We All Have Weekends To Attend To...

For some reason this seemed like a never-ending week. I hope those of you in LVS are still doing the happy dance we talked about yesterday. If it were not for that trade I might be in a bad mood today. Of course when you see these feelings coming, it is time to create balance. If anyone else is feeling worn out after this weekend. Find a way to participate in something you like to do and focus on something else other than trading and money. For example, I am likely to go blow off steam on the basketball court in the morning and take the kids on some type of an excursion over the weekend. We'll see how that goes. Anyhow, have a great weekend and thanks for all that you do. I know trading is a mentally and emotionally taxing career. I am right there with you. We need to make sure we are making decisions that generate the least amount of these stresses in our lives. Perhaps a smaller trade size and more conservative plays?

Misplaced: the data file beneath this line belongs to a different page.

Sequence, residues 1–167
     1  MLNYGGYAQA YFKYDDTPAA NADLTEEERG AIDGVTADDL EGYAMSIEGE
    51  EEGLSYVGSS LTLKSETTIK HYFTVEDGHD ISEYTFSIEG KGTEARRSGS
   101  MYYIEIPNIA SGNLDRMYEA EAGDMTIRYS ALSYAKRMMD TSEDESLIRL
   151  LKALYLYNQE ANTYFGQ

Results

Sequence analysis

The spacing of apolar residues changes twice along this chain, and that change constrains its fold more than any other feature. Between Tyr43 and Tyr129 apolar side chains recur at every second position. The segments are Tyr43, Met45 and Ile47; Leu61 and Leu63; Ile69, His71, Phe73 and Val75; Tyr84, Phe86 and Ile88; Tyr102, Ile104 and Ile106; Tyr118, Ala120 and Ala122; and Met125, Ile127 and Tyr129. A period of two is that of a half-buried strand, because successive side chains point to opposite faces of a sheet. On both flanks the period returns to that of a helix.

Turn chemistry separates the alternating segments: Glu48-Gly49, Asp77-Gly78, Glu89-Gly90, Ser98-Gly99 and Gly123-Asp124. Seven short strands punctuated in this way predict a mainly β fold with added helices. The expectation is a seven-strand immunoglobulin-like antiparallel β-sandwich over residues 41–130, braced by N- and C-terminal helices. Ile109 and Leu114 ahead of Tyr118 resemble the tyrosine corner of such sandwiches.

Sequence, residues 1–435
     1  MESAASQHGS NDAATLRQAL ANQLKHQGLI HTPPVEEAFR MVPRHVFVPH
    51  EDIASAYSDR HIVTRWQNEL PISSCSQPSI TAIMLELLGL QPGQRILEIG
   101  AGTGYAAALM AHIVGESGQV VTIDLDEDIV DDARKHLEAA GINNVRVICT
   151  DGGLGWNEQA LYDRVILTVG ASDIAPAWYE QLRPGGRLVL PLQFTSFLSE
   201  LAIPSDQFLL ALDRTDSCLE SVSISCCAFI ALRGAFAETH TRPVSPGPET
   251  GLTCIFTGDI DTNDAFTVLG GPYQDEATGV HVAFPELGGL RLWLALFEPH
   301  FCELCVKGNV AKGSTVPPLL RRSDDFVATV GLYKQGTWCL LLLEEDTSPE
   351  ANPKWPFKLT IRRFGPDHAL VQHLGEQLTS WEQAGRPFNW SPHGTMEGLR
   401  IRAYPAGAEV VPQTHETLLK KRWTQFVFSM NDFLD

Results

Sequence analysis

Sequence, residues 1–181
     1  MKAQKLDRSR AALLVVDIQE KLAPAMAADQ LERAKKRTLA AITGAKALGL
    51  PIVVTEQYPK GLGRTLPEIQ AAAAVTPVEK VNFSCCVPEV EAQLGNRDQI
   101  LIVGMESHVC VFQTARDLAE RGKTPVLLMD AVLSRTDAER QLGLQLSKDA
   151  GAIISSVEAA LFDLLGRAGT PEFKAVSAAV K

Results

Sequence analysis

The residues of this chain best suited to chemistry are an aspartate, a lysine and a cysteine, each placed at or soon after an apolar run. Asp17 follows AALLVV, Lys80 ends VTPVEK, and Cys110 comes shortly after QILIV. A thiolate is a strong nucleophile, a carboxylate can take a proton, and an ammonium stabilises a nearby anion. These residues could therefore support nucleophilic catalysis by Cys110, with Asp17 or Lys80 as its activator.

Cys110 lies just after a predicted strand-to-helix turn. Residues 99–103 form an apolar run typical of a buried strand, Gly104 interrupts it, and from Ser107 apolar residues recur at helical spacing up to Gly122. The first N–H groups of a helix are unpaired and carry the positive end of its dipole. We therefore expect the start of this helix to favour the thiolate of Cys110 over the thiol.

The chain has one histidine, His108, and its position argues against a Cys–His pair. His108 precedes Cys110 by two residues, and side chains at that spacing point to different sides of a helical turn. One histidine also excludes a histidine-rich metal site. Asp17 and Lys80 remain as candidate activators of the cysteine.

Anyhow, we'll pick up where we left off on Monday. As always, if something is on your mind...speak it here or send me an e-mail.



To hedge or not to hedge, that is the question. To hedge is to take an investment to reduce the risk of adverse price movements in an asset. Normally, a hedge consists of taking an offsetting position in a related security, such as a futures contract, option, or stock position.

Brett was the first response to the post earlier, so as usual "first post wins." All the suggestions were great, and a few I have jotted down for future posts. I liked the weekly idea of a WWJD- post. I would need some help on specifics though.